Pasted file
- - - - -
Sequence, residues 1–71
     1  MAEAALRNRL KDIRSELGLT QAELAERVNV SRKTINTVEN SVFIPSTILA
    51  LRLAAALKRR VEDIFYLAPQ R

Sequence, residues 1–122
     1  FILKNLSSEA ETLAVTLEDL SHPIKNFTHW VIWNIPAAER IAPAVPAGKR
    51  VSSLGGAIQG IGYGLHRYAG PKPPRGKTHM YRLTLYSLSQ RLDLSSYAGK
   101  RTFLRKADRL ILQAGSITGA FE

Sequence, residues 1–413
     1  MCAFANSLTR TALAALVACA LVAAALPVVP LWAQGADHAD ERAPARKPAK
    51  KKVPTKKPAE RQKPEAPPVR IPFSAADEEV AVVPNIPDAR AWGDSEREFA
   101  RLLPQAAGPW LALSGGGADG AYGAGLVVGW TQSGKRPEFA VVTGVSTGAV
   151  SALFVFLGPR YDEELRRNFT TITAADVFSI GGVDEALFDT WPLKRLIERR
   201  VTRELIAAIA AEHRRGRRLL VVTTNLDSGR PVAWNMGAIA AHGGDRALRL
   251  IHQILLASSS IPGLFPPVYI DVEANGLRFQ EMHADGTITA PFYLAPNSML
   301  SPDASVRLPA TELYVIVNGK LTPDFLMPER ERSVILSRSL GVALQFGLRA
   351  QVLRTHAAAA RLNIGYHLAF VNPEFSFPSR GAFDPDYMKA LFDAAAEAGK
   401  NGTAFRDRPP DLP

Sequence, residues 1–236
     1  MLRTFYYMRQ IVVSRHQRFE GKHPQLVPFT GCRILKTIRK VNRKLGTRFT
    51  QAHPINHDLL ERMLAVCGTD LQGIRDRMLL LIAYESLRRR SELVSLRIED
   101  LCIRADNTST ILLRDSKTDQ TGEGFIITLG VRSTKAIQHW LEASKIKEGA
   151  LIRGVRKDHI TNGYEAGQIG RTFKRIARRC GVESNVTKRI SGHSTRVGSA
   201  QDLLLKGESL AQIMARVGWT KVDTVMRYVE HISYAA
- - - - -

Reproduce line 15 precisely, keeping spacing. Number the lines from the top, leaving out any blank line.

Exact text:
   301  SPDASVRLPA TELYVIVNGK LTPDFLMPER ERSVILSRSL GVALQFGLRA